From the 1st through the 14th centuries what Church Council/s or Document/s or authoritative source/s officially decreed that the Pope is not infallible?A statement was made on the Discussion page...

From the 1st through the 14th centuries what Church Council/s or Document/s or authoritative source/s officially decreed that the Pope is not infallible?

A statement was made on the Discussion page (Doctrinal changes in the Catholic Church) that one change in the Middle Ages made the Pope officially infallible.  No document or source was cited.  It would be interesting to know the source of this claim of a medieval change in official Catholic doctrine. 

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thanatassa eNotes educator| Certified Educator

In a sense, this question is almost backwards. The doctrine of Papal Infallibility was a very late development in Roman Catholicism. That the Pope could speak infallibly in certain very limited circumstances on (and only on) specific matters of faith was made dogma in Vatican I, in 1868. The Papacy itself was not part of early Christianity; the Bishop of Rome only took on the title of Pope in the fifth century, and the Eastern Church never has accepted that this title was valid, nor that the Bishop of Rome had primacy over other bishops. Thus it might be better to state that the notion of Papacy was gradually developed in the western part of Christianity and never ratified by an ecumenical council, and that Papal infallibility was a 19th century concept, belonging to a movement known as ultramontanism.

michaelpaulheart | Student

Papal infallibility has had documentary support even among the Greeks since the 6th century at the latest, with earlier evidence cited from the 1st century onward.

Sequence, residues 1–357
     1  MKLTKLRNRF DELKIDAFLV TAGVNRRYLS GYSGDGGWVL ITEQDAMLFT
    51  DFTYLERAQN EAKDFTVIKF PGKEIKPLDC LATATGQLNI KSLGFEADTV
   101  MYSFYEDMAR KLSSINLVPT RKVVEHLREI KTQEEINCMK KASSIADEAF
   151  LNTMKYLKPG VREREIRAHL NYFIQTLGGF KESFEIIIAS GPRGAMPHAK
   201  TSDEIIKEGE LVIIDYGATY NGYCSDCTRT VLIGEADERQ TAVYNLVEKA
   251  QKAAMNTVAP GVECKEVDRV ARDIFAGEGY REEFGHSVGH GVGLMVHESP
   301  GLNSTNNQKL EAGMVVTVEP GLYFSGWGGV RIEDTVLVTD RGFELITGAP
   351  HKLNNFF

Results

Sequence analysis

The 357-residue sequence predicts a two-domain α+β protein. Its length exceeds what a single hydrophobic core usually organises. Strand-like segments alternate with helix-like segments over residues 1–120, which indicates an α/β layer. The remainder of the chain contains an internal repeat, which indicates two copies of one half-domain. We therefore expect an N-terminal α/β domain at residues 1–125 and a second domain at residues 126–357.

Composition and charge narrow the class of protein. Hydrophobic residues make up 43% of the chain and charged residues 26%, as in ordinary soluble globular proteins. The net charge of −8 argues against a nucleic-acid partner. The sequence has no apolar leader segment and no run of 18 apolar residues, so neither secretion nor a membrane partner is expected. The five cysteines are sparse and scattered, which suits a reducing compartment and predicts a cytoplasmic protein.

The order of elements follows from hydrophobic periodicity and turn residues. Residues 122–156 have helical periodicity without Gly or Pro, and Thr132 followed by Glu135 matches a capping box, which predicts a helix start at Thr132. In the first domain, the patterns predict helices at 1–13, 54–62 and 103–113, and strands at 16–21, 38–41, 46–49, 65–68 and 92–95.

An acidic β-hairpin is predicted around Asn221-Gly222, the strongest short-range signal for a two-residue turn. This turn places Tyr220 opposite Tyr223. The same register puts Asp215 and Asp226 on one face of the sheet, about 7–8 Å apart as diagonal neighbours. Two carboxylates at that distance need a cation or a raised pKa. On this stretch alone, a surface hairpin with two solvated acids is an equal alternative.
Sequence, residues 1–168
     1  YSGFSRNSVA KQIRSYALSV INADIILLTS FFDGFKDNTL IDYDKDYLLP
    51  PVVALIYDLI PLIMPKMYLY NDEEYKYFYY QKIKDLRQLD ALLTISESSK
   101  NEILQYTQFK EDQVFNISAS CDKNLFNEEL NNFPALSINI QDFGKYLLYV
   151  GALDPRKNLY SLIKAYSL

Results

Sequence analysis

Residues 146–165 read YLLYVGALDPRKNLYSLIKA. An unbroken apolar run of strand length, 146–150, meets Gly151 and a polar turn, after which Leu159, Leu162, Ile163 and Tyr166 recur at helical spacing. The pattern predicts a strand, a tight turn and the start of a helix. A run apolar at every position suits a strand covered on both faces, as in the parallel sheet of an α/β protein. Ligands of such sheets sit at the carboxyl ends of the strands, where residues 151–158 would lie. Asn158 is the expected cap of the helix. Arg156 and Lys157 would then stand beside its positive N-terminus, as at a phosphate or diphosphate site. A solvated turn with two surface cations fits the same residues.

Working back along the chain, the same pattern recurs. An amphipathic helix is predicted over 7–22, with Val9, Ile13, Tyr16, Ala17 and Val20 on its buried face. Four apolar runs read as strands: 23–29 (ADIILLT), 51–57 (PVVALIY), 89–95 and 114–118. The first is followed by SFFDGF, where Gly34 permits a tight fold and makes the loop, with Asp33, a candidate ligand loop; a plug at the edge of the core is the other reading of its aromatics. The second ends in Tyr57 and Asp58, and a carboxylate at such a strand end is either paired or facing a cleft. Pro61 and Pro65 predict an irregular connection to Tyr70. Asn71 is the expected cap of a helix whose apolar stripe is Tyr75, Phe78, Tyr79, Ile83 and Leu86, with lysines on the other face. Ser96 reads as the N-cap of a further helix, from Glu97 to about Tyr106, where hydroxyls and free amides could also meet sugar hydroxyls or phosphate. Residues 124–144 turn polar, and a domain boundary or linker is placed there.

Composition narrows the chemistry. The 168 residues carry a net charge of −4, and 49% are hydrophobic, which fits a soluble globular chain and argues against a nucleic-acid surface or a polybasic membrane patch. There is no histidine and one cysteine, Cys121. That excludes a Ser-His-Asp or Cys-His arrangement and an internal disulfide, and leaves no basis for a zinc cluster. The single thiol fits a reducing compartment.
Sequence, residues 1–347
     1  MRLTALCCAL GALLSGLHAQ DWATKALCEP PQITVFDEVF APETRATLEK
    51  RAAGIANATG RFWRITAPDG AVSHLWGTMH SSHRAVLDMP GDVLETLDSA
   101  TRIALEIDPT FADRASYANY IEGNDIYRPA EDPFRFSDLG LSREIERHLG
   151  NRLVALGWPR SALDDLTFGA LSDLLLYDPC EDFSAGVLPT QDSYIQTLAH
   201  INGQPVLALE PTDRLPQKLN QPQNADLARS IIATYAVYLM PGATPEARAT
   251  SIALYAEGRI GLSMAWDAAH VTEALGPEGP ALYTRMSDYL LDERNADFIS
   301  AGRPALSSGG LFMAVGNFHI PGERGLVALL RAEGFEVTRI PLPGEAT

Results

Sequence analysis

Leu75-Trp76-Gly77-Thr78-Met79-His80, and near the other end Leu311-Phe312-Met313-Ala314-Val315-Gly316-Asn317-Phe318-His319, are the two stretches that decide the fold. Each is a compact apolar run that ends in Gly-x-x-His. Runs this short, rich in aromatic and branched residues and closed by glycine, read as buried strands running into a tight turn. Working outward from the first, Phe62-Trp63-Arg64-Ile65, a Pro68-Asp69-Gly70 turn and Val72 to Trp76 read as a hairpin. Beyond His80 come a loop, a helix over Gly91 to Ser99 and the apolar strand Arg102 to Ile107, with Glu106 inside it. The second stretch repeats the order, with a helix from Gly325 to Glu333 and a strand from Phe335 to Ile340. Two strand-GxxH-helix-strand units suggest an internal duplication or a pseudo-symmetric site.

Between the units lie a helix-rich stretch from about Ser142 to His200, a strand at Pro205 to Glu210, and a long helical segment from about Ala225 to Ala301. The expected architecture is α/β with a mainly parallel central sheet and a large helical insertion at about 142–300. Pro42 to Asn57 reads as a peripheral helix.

• 519 [ Patriarch John II] accepted the formula of [ Pope Hormisdas] at end of the [ Acacian schism]
  • 869 Fourth Ecumenical Council of Constantinople
  • 1272 Second Council of Lyon
  • 1439 Ecumenical Council of Florence, session 6
  • 1868 Vatican Council I (cited above).

The dogmatic definition of Papal infallibility of 1868 does not appear to be a change in Church doctrine.  The statement that the Greeks never accepted it does not appear to be historically valid.

michaelpaulheart | Student

As an amateur historical researcher of 40 years experience who came to the Catholic Church as an adult convert I am familiar with the controversies and debates you referred to above.

The defining of a dogma is always the end and climax of a matter of faith and morals that had either

  • been accepted throughout the history of the church and only later began to be challenged by some theologians
  • or had been discussed and debated and disputed over the centuries until a final definitive official statement was necessary to settle the matter.

The definition of 1868 referred to the constant tradition, going back to the 2nd century, of appeal to Rome (and by implication to the Bishop of Rome) for a finally definitive or authoritative pronouncement/judgment on a matter of faith or morals, and by its nature irreformable.  Individuals and groups have rejected this from time to time, and some have been excommunicated for doing so; but I know of no authoritative or official statement by any synod or council of bishops representing the body of Christianity before the 14th century that ever said that

  • belief in the infallible judgment of the Bishop of Rome is not part of Christian belief. 

The statement (above) that a Medieval change in doctrine made the Pope (henceforth) infallible implies such a prior declaration of belief which was then changed/reversed. This prompted my request for both the "original official position" on the matter and the source of this "reversal/change":  who made it? when? what official documentation do we have?  Dogmatic definition is not supposed to be a change but a definitive confirmation of a doctrine implicitly contained in the Christian revelation and only made explicit for the benefit of the faithful.